Although the aura might not indicate it, the arrival of summer (!) inevitably equals one thing – the plastic cup period. With iced coffee being on top of the drinking-out-in-town agenda for a great lot of people, leading coffee retailers go head over heels to come up with a new hit on the Frappé market. But before we establish, what are the nations’ favourite iced coffee options, let’s see when this cool fashion actually started.
The idea of a coffee served cold is said to be born as early as the 17th century, in Vienna, after an unsuccessful siege by the Turks, who were to leave huge supplies of coffee beans behind them. It is not clear, however, how and why would the Viennese attempt to try this revitalising brew in a chilled version.
We know more about the iced varietal development in 19th century France, where it gained some indecent connotations – the mazagran, cold coffee with seltzer water and rum – was drunk in casinos and parks not necessarily by the bourgeois class.
But the iced coffee as we know it could not actually be born before the establishment of ice-cube production, at the beginning of the 20th century. In the 1930s the market experienced a boom in the form of granizado – today available everywhere in Spain as a coffee muddled with crushed ice – in other words – a caffeinated alternative to a lemon slushy.
Many variations of the original option have been developed across the years and countries, starting with Italy, the Mecca of espresso, indulging their favourite essence over a scoop of ice cream as a Caffè Affogato, moving to such experimental extremes as Chilean Café helado including Chantilly cream, sugar, cinnamon, vanilla, chocolate, dulce de leche and ground nuts.
The modern ideologies of individualism, and more importantly, capitalism, led to the creation of today’s coffee-retail giants and their establishment as icons of this generation; their pursuit of domination over the chilled-beverage world was as predictable as the fact that in the end, they would all follow the same pattern. And so, after Starbucks Coffee Company bought over The Coffee Connection chain in1994, they obtained the rights to the Frappucino trademark, which quickly became one of the most recognisable features of the coffee giant, and one of the biggest money-turning ventures in the company probably since the introduction of an automated coffee machine.
Of course, it was a matter of time for the other chains, Costa Coffee and Caffè Nero being obvious examples, to enrol their own “exclusive” blended drinks, that, rather uninspiringly, share a minor variation of the name Frappé. Nothing wrong with that really, if you know your French.
And although this summertime plastic cups will be more widely available, used and cherished than sunshine in the UK, their content will be very much more varied, because, as I find out, Frappés are not the only iced coffees that the British public is craving.
Charlotte, model – Iced Americano: “It is nice and light and still tastes like coffee!”
Nothing simpler really; in Italy they actually call it “coffee on the rocks” – Caffè in ghiaccio – a freshly brewed espresso poured over ice-cubes in a whisky glass. Classy.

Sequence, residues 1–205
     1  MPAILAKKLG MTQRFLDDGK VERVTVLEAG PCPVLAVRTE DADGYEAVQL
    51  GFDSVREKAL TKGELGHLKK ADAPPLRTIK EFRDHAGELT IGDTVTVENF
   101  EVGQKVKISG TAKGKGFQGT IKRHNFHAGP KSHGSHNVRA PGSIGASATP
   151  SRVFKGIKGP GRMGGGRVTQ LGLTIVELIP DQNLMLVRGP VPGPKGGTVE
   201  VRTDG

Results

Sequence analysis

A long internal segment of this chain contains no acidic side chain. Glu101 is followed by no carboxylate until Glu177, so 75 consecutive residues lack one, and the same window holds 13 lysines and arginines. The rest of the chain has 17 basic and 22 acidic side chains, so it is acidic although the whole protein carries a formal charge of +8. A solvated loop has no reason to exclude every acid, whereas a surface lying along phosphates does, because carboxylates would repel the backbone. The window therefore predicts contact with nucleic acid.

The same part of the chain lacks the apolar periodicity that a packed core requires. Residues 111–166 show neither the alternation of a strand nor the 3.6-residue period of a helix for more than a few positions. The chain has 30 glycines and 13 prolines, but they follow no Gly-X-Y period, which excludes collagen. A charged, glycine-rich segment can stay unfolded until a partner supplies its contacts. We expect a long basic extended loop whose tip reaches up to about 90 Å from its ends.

Beata, barista – Hazlenut Americano: “Still tastes of coffee, and the hazelnut kills the bitter taste of the espresso!”
Personalisation has never been simpler. With a variety of syrups and milks to choose from in almost every coffee shop, you could have a different Iced Americano every day of the week.
Laura, Spanish language teacher – Espresso blended with ice: I found out about this from my Greek friend; it’s really nice, and you can make it a bit different by adding some milk to it if you want.
Indeed, Frappé was a hit during the Athens Summer Olympics 2004; stirring the coffee in an electric mixer produces foam on top, which makes for a bit more thrilling drink than an Iced Americano.
Marta, amateur chef – Nescafe Frappe: I used to drink these back at home in Poland years ago and I always liked them. They’re so easy to make, and are very refreshing too!
The legend goes that the Greek Frappé was invented by a Nestlé representative at the International Trade Fair in Thessaloniki 1957, who could not find any hot water for his instant Nescafé so he shook it with cold water and ice instead. After that the company is said to have enrolled their Nescafé Frappé sachets. India has adjusted it by blending it with cold milk and vanilla to produce a coffee-flavoured smoothie
Magda, student – Iced Caramel Macchiatto: Definitely my favourite. It’s sweet, just the way I like it. I also think that caramel and coffee go very well together.
One of Starbucks’s signature drinks gone cold – vanilla syrup on the bottom, caramel drizzle on top of the ice-cubes. Also Australia likes to top their iced coffees with a sweet treat: whipped cream or ice cream, often adding syrup or chocolate powder to the mix also.
Tom, American Football coach – Berry Hibiscus Refresha: I don’t really like iced coffee, but Starbucks’s new drink is actually growing on me
The Green Siren’s shout of the season are the two new fruity options: both Berry Hibiscus and Cool Lime Refreshas include a green-coffee extract, which puts them high up in the competition, making them both low in calories and caffeine, whilst still delivering on the taste.
Of course, this is not an extensive list, and with the variety of cold coffees on offer – virtually equalling the number of their hot counterparts – you’re bound to find your favourite. You just have to know what to look for.